I have two fundamental travel aspirations:
- See the world.
- Get good value out of miles & points.
The 2 goals were in unison in my early days of the hobby. Seeing the world meant flying premium cabin to a major destination, staying in a high-value points hotel, and sightseeing in the vicinity. I did this in Hong Kong, Sydney, Bangkok, Paris, Banff – to name a few. I enjoyed all these places, but after a while, it started to feel repetitive. The luxurious but insulated hotel. The globalized big city. The obligatory smile from service employees. The hordes of tourists. Once in a while a place would still sweep me off my feet, but overall, I began to question: is this all there is to world travel?
The obvious answer is: No. I’d just been too wrapped up in my miles and points bubble. As I began to venture away from my beaten path, into corners of the world without premium cabin and/or chain hotels, I found the missing pieces I’d been longing for. A new world opened up to me – of meeting people, encountering unspoiled kindness, and seeing the world more authentically.
Ironically, this “new” world was closer to how I traveled before the hobby, where I didn’t have points, traveled frugally, stayed in simple lodges, and bonded with more people. Being a points traveler opened up the world of luxury travel, but it also made my experience more insulated and one dimensional.
The Great Paradox, then, is that my idea of seeing the world is now at odds with points maximization, especially hotel points. A recent example illustrated this plainly. As I walked down the tranquil cobblestone lane of old town Mostar one morning, hundreds of years of history in plain sight, I noticed a sign that I should normally be happy to see, but in this case triggered an innate “oh no”. What I saw was a chain hotel sign, staking its ground, likely to forever change this relatively unnoticed and unspoiled tourist town. It’s the inevitable as travel becomes more accessible and unspoiled places are discovered. The pool of such places is shrinking every year. But imagine this: an obsessive points junkie sees a future redemption, instead of excitement, feels concern for the locale. That’s how travel has changed me, and I’m glad.
To be clear, my position isn’t that chain hotels have no place in the world; they clearly do. I don’t even have a problem with their presence in “unspoiled” places. It’s the effect (usually adverse IMO) they have on the locale that I dislike (see: The Tourism Life Cycle). I understand not every resident shares this sentiment – some want more globalization, and sometimes that can be good (often not). That’s fine, and it’s even inevitable as I said. I’m just glad I got to see it now.
At the same time, the shallow part of me is letting myself be restricted somewhat by airline miles. I really want to visit Africa, but it’s not the most comfortable ride in the sky or the easiest redemption using the miles I have. I can make it work, but inertia has thus far kept me going back to familiar continents. I can imagine that if I didn’t have miles and the desire to maximize the value, it could be easier to prioritize Africa. I need to remind myself that I’ve never regretted choosing a less developed place (yet). Indeed, those have been some of my most rewarding trips thus far.
Having said that, I’m not giving up on miles and points. This blog is named Points Adventure, after all. There’s definitely a place for chain hotels in my travel rotation. What I’m finding is they work well for me in cities and resort towns – when I want those. Airline miles continue to be useful in getting to most places I want – I just need the will to sometimes stand up to the value maximization part of me. 😀 However, instead of my 2 travel aspirations going hand in hand, it’s now a balancing act. My ideal trip is now a mix of points-based pampering and off-the-beaten-path exploration. My last trip was a good example: 8 days in five-star hotels in Switzerland and Croatia, 6 days in hostels in Bosnia and Herzegovina. I enjoyed both, though the latter was no doubt the highlight for me. More on that in a separate post!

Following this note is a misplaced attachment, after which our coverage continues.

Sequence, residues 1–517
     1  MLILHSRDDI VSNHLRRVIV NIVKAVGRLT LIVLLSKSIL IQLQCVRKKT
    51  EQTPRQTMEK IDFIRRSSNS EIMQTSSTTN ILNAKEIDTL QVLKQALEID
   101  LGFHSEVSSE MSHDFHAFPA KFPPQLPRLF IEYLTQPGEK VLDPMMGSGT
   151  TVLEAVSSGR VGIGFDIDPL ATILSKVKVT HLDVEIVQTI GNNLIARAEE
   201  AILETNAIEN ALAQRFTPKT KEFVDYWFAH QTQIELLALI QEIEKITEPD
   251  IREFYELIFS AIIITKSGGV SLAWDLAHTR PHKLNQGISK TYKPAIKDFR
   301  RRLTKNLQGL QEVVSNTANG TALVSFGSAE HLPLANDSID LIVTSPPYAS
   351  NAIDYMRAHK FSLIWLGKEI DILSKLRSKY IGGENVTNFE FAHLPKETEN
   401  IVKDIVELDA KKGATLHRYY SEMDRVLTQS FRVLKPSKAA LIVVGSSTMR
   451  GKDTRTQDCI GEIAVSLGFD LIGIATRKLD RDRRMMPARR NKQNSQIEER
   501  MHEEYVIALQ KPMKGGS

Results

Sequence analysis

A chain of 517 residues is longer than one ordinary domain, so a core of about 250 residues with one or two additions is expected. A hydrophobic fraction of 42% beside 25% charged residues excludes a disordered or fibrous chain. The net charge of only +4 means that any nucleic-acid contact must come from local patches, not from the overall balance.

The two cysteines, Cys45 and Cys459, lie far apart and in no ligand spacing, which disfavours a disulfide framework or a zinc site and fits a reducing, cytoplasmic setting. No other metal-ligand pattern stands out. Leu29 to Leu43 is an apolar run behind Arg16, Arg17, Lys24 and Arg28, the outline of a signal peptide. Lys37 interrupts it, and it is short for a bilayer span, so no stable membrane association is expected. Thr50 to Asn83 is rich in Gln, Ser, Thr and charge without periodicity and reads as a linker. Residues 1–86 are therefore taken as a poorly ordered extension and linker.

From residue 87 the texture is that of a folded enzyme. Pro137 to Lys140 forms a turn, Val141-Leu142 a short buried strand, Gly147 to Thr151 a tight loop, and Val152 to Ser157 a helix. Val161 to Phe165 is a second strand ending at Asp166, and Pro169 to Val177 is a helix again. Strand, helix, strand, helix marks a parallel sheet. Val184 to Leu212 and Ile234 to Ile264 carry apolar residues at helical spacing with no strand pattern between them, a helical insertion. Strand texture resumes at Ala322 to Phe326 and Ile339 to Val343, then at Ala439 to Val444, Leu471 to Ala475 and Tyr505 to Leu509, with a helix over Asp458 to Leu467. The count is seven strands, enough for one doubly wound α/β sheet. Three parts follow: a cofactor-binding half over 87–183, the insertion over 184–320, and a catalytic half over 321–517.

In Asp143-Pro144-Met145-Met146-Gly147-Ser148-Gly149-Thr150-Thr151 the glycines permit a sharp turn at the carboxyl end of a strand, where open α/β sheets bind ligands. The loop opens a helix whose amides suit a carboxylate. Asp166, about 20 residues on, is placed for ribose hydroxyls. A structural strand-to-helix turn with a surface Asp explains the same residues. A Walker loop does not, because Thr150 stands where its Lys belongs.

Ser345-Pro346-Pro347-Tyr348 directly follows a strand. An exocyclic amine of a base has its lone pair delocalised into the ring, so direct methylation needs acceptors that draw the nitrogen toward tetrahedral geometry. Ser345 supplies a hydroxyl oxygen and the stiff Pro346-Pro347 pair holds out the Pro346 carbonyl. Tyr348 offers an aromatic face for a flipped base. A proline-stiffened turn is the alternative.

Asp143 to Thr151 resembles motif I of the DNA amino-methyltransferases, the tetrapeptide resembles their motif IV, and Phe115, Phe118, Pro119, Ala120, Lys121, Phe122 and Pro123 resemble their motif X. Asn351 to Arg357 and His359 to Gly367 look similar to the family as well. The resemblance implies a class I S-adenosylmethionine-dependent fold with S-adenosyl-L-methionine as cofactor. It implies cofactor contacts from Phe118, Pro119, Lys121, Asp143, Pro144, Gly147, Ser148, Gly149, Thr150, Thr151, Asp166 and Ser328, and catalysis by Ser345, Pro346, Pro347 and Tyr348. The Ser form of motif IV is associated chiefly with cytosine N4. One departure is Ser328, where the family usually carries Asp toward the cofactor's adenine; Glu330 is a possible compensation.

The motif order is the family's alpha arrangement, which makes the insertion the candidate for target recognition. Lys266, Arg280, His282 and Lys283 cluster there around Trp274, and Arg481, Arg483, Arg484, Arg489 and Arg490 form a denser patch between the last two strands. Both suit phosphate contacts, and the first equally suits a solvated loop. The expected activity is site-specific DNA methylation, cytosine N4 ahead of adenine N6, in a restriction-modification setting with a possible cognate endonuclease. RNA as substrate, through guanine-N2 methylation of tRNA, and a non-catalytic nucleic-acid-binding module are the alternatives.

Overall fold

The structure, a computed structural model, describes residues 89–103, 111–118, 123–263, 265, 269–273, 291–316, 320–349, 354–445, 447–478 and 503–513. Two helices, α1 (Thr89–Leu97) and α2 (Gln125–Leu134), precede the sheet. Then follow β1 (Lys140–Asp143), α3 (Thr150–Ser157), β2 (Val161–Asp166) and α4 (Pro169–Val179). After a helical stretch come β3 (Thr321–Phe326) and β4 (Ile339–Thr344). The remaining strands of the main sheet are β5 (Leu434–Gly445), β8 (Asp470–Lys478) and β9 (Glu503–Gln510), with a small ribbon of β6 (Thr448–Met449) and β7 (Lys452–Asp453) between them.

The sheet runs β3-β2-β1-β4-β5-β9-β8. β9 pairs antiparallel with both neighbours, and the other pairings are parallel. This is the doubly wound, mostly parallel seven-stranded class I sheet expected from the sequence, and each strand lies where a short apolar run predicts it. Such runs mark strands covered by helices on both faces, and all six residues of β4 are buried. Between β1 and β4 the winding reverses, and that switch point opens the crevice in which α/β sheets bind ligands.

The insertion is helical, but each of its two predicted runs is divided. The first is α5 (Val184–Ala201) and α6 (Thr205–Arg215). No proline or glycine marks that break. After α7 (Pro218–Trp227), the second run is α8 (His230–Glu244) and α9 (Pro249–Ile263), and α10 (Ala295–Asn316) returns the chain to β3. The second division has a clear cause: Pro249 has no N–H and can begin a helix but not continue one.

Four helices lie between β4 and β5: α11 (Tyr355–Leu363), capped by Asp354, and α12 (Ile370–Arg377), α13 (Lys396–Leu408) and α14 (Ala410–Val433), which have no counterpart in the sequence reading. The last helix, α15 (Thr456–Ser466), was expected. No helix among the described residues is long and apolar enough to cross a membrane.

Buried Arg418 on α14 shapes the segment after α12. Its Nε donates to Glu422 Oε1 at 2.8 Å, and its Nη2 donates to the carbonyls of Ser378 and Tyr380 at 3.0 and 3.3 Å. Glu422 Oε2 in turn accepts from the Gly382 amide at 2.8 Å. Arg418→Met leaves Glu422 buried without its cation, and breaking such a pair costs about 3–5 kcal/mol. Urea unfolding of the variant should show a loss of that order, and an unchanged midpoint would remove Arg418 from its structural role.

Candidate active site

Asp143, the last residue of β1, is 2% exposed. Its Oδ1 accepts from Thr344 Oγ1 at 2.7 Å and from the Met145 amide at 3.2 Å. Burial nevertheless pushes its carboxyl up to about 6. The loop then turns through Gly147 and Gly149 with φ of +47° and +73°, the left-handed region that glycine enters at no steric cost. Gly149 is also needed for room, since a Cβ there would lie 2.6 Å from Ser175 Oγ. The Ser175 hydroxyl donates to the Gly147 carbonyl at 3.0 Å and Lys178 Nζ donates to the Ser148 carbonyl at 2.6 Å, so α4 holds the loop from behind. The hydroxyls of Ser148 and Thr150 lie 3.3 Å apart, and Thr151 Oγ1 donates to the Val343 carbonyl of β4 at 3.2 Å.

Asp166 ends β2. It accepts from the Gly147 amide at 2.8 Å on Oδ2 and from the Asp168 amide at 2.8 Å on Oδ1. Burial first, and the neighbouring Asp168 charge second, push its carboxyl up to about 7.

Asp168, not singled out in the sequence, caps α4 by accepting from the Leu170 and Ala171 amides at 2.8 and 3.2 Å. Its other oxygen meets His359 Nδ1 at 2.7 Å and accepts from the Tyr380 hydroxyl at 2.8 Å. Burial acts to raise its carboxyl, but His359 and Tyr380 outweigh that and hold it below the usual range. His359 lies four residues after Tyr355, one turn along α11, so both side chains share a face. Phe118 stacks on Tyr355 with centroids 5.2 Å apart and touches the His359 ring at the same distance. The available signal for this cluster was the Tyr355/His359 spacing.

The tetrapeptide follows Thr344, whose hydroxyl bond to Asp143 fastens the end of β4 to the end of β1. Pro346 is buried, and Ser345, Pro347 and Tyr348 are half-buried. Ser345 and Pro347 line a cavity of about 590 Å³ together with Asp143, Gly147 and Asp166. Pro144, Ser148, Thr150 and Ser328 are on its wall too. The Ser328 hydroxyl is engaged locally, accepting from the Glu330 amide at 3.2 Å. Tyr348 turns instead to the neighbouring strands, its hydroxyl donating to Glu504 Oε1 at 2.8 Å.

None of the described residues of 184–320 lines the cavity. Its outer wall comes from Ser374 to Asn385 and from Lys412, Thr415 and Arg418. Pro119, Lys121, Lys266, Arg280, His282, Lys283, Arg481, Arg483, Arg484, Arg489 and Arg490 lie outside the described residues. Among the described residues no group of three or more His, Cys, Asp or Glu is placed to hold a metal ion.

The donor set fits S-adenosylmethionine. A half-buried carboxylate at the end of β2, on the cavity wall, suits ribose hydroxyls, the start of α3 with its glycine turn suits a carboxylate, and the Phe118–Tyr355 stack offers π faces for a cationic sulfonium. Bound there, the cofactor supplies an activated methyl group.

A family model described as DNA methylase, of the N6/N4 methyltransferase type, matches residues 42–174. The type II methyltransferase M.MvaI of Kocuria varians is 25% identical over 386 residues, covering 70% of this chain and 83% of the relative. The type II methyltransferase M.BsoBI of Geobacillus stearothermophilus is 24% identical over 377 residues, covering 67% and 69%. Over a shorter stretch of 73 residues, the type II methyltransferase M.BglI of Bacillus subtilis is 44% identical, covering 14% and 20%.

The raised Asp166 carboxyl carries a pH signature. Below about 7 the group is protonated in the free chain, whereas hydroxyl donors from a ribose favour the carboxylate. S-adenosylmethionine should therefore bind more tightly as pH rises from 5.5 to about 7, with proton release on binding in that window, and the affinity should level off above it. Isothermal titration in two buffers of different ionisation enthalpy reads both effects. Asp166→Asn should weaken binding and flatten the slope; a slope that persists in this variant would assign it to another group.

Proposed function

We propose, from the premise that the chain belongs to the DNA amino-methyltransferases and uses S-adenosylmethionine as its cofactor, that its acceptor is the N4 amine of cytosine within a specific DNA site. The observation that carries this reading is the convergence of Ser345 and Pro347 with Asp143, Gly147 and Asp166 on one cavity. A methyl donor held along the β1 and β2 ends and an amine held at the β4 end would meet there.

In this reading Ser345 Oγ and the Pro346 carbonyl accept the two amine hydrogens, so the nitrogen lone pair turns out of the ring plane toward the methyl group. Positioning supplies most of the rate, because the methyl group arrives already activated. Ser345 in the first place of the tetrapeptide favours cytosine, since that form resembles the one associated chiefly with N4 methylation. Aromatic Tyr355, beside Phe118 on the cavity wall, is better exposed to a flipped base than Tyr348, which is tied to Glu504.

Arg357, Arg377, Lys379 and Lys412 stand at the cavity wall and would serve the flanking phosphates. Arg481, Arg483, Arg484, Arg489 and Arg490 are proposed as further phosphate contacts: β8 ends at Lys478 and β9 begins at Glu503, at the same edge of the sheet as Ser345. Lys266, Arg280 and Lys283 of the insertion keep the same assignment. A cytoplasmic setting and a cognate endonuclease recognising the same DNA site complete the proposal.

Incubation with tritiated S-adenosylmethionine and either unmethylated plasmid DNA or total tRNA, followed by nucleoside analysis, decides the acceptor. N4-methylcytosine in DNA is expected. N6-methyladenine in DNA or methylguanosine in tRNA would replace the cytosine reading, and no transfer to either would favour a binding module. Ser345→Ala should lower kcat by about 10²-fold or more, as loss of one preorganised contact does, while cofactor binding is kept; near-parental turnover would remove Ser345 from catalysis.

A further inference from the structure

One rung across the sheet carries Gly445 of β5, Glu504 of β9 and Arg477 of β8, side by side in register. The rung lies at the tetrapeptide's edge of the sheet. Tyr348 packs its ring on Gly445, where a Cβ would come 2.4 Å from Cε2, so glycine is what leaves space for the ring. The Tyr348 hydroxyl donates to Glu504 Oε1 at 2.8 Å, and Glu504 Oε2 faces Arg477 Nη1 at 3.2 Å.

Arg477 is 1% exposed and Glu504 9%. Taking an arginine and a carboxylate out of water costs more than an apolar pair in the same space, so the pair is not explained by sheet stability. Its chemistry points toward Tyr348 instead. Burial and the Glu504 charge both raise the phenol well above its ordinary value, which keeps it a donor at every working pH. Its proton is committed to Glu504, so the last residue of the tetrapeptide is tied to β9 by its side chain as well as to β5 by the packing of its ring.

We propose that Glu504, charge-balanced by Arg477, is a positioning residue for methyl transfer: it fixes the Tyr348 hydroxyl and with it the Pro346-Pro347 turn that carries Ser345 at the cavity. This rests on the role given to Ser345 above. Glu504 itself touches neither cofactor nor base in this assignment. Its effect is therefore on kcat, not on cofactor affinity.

In a Nutshell
I love hotel redemptions and have upcoming posts dedicated to them, but seeing the world requires going beyond them. Evolving from unison to paradox to balancing act, my aspirations to see the world and use points have, for now, found a way to co-exist.
I’ve fallen into this same cycle, so I can completely identify. These days, I still use a lot of airline miles (I have to get to my destination, right?). But when it comes to hotel points, I have a lot less need for them. On any given 2-week trip, I use points/chain hotels for maybe 4 of the 14 nights. I still love chain hotels on my first night of arrival (the familiarity makes it easier to cope with jet lag/culture shock) and maybe there’s one major city where a chain hotel makes sense. The rest is filled in with independent guesthouses, apartments, or whatever else I find…
Good luck finding the balance that works for you. I promise: travel is still worth it!
thanks for the encouragement, Becky!
Points and miles can narrow your view of the world you are trying to see if you get caught up in they hype of “free” trips.
I use points and miles to off set travel costs so I can go more often to the off the beaten path places I love. I use hotel points for obligatory domestic travel (weddings, funerals, birthdays, seeing family). I use hotel points for airport hotels before or after long or red eye flights. I fly coach as often as I don’t, on points, and I adore Southwest Airlines.
It is funny that you mention Africa because I recently realized I have put off going for three years now because I could always find easier redemptions to other places. So I am going, I don’t know how or when but I am going with or without miles getting me there.
Sounds like we’re in the same boat!